Howard County elected officials are searching for ways to boost relief to business and property owners after a major flood swept through old Ellicott City three months ago.
One proposal, the Ellicott City Strong Tax Credit, would make up to a total of $200,000 in funds available over two years in the form of tax credits to owners of residential properties to cover the costs of repairing, restoring or redeveloping their property.
The proposed tax credit only applies to those who own residential property in the historic district that suffered flood or sewage damage because of the July storm. Property owners can apply for one tax credit per year.
"This legislation is just one more way that we can help ease the financial burden for the many residential owners who are continuing to clean up from the devastating flood," said County Council Chairman Calvin Ball, who proposed the measure. Councilman Jon Weinstein co-sponsored the legislation.
The Howard County Council is calling on the county delegation to expand tax credits for commercial property owners. The law currently allows local jurisdictions to grant property tax credits for those impacted by floods, but is limited to residential property owners.
"The harm to commercial property was so massive, in fact, that repair, rehabilitation, restoration and redevelopment will be challenging not to mention it will likely pose many obstacles, be exceedingly expensive and time-consuming." wrote Ball in a Sept. 27 letter to the delegation on behalf of the council.
The historic district will open to the public on Oct. 6 for the first time since the devastating flood impacted 90 businesses and displaced 190 residents.
Several businesses like the Judge's Bench, a pub located in a former grocery store, and Su Casa, a furniture store, have already opened their doors. Others like Sam Coyne of Craig Coyne Jewelers, are not reopening. Coyne shuttered his business after 16 years on Main Street, leaving the scene of a changing historic district.
A second measure would allow the county to approve minor changes to historic buildings without the formal approval of the county's Historic Preservation Commission, an advisory body that reviews changes to historic structures.
Howard County Executive Allan Kittleman proposed this emergency bill to eliminate red tape as building owners rebuild and repair old Ellicott City. If passed by the council, the measure would reduce the waiting period for approval from up to two months to around two weeks.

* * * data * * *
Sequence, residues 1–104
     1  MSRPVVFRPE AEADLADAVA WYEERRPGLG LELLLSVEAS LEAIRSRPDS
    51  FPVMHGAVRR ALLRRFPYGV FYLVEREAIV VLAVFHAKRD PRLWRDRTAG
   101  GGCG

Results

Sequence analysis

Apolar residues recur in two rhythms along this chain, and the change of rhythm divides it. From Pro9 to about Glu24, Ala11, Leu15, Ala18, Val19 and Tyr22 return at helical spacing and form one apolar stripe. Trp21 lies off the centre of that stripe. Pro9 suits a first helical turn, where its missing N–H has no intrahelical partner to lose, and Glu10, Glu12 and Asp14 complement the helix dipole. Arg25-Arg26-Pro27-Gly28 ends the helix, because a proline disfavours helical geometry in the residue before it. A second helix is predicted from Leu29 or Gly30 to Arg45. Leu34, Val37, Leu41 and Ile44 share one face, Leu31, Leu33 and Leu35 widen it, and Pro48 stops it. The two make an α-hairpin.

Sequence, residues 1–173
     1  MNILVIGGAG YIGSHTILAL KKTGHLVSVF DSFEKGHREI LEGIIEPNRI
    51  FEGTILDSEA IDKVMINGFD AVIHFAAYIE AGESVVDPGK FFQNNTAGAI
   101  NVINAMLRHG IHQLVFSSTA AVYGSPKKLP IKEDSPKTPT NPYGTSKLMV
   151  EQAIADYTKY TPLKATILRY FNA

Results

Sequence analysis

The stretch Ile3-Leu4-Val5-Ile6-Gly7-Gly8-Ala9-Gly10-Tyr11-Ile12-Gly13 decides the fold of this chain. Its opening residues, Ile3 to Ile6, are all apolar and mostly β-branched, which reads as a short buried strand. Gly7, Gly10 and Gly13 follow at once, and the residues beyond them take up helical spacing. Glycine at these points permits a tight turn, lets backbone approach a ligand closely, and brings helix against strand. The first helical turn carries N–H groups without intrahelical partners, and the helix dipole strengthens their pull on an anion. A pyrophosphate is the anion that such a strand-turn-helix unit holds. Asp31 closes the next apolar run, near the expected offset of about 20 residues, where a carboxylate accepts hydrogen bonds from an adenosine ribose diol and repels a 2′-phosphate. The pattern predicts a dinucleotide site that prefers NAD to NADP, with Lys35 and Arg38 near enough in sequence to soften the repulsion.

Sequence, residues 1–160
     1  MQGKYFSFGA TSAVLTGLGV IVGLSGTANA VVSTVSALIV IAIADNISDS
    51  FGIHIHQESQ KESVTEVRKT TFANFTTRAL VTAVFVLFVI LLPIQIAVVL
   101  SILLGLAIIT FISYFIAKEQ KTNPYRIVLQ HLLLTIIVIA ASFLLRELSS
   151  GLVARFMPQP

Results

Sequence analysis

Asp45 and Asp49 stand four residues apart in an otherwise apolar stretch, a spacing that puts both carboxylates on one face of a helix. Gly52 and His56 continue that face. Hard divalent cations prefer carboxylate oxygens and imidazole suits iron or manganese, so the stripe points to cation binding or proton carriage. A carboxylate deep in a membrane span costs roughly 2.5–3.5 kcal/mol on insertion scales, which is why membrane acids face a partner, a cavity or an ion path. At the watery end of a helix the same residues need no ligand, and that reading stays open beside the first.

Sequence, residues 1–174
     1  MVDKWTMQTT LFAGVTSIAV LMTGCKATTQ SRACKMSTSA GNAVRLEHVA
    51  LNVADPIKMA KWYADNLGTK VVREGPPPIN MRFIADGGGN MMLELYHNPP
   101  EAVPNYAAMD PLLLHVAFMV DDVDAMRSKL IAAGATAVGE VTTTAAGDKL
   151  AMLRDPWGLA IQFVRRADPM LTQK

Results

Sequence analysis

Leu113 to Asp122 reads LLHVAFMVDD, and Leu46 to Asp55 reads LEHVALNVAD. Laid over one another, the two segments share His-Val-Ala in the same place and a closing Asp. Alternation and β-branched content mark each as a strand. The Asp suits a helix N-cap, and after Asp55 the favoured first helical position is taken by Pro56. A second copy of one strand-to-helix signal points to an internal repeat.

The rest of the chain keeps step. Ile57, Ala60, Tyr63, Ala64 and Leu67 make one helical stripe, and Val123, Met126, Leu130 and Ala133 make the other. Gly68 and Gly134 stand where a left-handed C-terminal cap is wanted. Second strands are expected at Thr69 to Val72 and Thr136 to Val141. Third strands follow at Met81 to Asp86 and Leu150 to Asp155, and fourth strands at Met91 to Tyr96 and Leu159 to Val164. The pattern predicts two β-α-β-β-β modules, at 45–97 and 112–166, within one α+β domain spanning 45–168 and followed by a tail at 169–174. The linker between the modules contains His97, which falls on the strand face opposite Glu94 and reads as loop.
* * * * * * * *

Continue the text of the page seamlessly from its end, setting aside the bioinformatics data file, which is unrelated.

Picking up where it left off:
"We have an opportunity to eliminate some of the red tape while at the same time respecting the historic designation of these buildings," Kittleman said in a statement.
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The Ellicott brothers founded old Ellicott City in 1772. Then known as Ellicott Mill, the old town, which is designed to support a mill along water that flows under the area's buildings, was one of the largest milling towns on the east coast.
The commission, which will still approve major changes to historic structures, reviews applications for changes based on the historic significance of structures, its relationship to the surrounding area and the project's overall compatibility with the area, according to the county's code.
The faster approval process applies to signs, repairs of destroyed materials like windows, doors and railings, painting, lights and mailboxes.
The measure also expands tax credits for spending that restores or preserves eligible historic properties. The change would give property tax credits to cover roughly 25 percent of eligible expenses for wall repairs, fence changes and other landscape features. The tax credit only applies to expenses $500 or greater.
Allan Shad, chair of the Historic Preservation Commission, said his organization supports streamlining the process for minor changes.
"The new process will avoid lengthy timelines for property owners making minor changes that comply with the historic district guidelines and will aid the recovery and reconstruction of historic Ellicott City," Shad said.
The council will formally introduce the measures at the council's legislative session on Oct. 5.